Of all the real actors playing the cartoon characters, the only one I felt did a decent job was Rene Russo as Natasha. I say that and she is the only actor to get a Razzie nom... DeNiro is just kind of in this movie and doesn’t contribute much besides embarrassment.
Miles Antwiler on The Adventures of Rocky & Bullwinkle (2000)

Don't try to class this movie up, lady. It's not worth it.

You know, Sam, you almost made that stupid line work. But you didn't, you still had to say the words "mutant French poodle". But it was a good try.

Once we meet a bad guy who’s exactly how Nolan’s Batman films would portray the Riddler, we glance down to find our cinema seats have morphed into coconut mats, whizzing on a rapid, spiraling descent into spectacular dumbness. It’s all so gloriously and unexpectedly stupid, like Zodiac penned by someone who fended off middle-act writer’s block by hoovering a load of PCP into their lungs. The only way to watch is to revel in the bizarre combination of massive craziness and powerhouse acting, from two leads who were quite clearly cast by accident, instead of the material’s rightful players, Nic Cage and a sweaty John Cusack.

Chris: The destruction of the bar is almost impossible to care about because it was pretty janky to begin with, but the bright shining moment is Udo Kier, pawing at a chainlink fence and selling it like he’s watching someone murder a child while this squealing In The Heat of the Night guitar riff plays underneath him.
Matt: It’s like he’s making up for Pamela Anderson’s non-acting with DOUBLE ACTING.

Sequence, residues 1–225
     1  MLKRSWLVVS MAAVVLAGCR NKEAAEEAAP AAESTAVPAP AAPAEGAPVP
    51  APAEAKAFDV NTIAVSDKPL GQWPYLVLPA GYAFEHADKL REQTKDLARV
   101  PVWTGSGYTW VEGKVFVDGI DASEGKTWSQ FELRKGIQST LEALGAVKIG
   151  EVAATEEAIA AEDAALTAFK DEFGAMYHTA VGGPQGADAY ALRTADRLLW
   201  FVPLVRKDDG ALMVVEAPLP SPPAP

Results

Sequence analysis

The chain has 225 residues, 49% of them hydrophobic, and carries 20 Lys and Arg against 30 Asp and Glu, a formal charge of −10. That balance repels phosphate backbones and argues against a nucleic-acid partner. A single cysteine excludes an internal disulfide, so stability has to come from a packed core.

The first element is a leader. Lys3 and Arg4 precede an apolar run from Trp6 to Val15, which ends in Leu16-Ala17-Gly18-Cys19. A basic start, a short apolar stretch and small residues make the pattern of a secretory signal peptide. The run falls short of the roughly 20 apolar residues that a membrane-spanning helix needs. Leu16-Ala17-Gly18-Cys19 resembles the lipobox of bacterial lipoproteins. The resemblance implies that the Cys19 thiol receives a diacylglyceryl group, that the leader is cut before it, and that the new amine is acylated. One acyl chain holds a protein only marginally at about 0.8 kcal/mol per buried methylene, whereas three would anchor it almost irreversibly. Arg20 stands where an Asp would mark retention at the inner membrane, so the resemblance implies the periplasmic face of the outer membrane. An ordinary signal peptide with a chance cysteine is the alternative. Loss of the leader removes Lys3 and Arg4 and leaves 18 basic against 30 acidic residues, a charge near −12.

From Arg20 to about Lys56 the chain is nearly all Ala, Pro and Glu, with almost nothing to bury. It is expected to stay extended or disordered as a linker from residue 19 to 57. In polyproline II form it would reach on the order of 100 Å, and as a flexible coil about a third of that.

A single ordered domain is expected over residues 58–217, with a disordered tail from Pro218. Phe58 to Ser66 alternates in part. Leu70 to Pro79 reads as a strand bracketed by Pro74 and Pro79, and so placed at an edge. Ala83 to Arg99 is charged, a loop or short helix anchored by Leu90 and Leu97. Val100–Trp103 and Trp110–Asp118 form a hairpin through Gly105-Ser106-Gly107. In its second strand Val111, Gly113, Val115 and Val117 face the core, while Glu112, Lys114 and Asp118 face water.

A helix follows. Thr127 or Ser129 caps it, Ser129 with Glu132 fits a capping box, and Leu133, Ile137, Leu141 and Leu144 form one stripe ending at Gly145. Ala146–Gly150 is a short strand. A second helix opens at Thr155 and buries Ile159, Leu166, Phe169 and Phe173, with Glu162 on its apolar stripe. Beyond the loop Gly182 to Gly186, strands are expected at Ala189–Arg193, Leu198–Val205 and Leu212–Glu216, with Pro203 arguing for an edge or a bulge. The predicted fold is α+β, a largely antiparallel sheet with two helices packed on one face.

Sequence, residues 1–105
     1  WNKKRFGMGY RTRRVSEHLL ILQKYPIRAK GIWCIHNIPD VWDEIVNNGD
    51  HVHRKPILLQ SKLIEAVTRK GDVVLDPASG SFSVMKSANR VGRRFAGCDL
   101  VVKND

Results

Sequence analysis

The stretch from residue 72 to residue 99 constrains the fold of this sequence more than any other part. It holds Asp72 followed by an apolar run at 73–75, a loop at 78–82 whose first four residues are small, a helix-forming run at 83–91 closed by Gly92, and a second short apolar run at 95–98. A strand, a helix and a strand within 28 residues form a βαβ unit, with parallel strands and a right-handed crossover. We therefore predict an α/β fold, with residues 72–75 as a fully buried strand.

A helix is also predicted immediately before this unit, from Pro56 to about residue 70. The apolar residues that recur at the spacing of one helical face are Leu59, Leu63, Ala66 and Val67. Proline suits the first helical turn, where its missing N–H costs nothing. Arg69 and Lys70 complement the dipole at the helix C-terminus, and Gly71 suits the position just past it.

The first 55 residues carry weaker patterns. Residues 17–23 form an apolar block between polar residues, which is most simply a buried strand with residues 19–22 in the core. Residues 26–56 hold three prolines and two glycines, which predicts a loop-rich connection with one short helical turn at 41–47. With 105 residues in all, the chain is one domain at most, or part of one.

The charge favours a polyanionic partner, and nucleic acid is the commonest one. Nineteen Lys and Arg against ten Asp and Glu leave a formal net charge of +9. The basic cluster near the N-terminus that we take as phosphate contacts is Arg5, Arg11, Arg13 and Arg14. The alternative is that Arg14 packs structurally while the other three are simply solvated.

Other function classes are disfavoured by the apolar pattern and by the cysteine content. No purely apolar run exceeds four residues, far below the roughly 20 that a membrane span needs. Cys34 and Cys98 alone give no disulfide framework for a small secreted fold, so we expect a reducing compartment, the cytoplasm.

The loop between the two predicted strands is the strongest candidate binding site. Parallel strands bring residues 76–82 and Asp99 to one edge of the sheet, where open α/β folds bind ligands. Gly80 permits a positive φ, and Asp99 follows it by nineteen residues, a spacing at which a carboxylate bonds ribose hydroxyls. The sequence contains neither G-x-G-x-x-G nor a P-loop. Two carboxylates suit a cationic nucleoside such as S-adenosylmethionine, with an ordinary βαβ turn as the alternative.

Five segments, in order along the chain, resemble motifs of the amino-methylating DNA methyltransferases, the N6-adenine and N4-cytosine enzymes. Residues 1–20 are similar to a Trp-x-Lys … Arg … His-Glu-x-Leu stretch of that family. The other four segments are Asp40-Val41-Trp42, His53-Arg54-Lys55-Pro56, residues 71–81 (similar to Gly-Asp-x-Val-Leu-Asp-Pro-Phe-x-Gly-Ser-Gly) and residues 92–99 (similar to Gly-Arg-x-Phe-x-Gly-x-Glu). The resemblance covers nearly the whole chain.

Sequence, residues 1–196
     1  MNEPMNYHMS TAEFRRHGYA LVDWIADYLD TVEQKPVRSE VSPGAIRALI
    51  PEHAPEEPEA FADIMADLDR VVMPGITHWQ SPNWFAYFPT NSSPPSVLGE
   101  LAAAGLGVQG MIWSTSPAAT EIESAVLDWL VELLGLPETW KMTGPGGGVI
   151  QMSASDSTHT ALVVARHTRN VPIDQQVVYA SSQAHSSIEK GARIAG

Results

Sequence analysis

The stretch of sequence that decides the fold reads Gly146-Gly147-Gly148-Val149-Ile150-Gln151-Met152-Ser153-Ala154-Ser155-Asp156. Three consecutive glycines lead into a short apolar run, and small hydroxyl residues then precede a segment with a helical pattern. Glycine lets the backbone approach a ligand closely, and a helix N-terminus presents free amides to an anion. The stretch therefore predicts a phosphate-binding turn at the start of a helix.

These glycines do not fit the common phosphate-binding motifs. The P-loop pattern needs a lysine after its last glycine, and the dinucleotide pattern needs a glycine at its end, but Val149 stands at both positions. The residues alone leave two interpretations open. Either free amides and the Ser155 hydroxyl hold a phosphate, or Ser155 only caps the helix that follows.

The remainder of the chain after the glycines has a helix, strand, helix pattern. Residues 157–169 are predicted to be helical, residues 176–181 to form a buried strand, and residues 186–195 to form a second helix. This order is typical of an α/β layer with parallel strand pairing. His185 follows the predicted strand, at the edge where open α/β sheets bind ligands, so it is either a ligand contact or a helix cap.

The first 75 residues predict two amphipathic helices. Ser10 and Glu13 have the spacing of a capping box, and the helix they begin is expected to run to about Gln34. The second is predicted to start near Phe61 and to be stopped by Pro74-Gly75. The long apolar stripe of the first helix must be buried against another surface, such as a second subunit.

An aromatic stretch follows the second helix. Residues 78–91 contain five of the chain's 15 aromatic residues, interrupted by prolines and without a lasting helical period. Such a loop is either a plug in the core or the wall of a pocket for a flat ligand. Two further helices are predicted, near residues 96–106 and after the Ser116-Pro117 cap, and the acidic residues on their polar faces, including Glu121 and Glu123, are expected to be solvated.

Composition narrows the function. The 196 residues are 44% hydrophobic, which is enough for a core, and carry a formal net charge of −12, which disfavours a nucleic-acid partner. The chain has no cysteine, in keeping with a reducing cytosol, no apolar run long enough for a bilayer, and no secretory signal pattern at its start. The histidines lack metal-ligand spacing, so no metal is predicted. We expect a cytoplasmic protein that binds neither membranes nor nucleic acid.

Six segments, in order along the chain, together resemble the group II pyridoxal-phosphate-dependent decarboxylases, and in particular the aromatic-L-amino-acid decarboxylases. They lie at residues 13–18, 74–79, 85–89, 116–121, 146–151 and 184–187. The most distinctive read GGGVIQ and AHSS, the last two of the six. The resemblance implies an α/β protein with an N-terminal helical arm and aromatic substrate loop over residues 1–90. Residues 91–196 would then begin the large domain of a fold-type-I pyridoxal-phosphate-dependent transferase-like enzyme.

Chris: He’d have to ratchet things up to quintuple acting if he wanted to balance her out.
Matt: Not even the Kier can shoulder that load.
—Chris Sims and Matt Wilson on Barb Wire

And in a twist of fate that I can only call miraculous, Matt Leblanc is not that bad of an actor. I used to think he was Godawful in this film. Really, when I first saw it I thought he was the worst thing in the movie. But as I've aged I've began to notice subtle nuances in filmmaking. And looking at it again with fresh eyes some 12 years later, I have come to the conclusion that it's not him — it's the script. Watch this guy and tell me he's not trying. He's trying hard. But the script makes him out to be a total horny asshat who can only spout one-liners. I mean, he hits on his boss's daughter RIGHT IN FUCKING FRONT OF HIM!!!

Kirk asks how they’ll get past the Great Barrier, and Sybok says that God gave him a vision, and is waiting for them on the other side. This merely convinces Kirk that Sybok is 'mad'...Laurence Luckinbill actually plays this really well: Doubt crosses his face, and while looking at Kirk he asks himself, almost genuinely, 'Am I?' Then, not with confidence but with visible faith, he answers himself with a smile: 'We’ll see.' Not a lot of actors would have played it that way, so well done.

What troubles me about Jon Pertwee’s performance in this story (aside from the alarming sexism which seems to stem naturally from the actor) is how he seems to be the only actor taking this whole story seriously. Nick Courtney, John Levene and Katy Manning cannot exactly be blamed for having a laugh riot with their hackneyed characterisation but Pertwee marches on, staring into the camera and delivering his speeches as though he is on stage and delivering the most powerful of Shakespeare soliloquies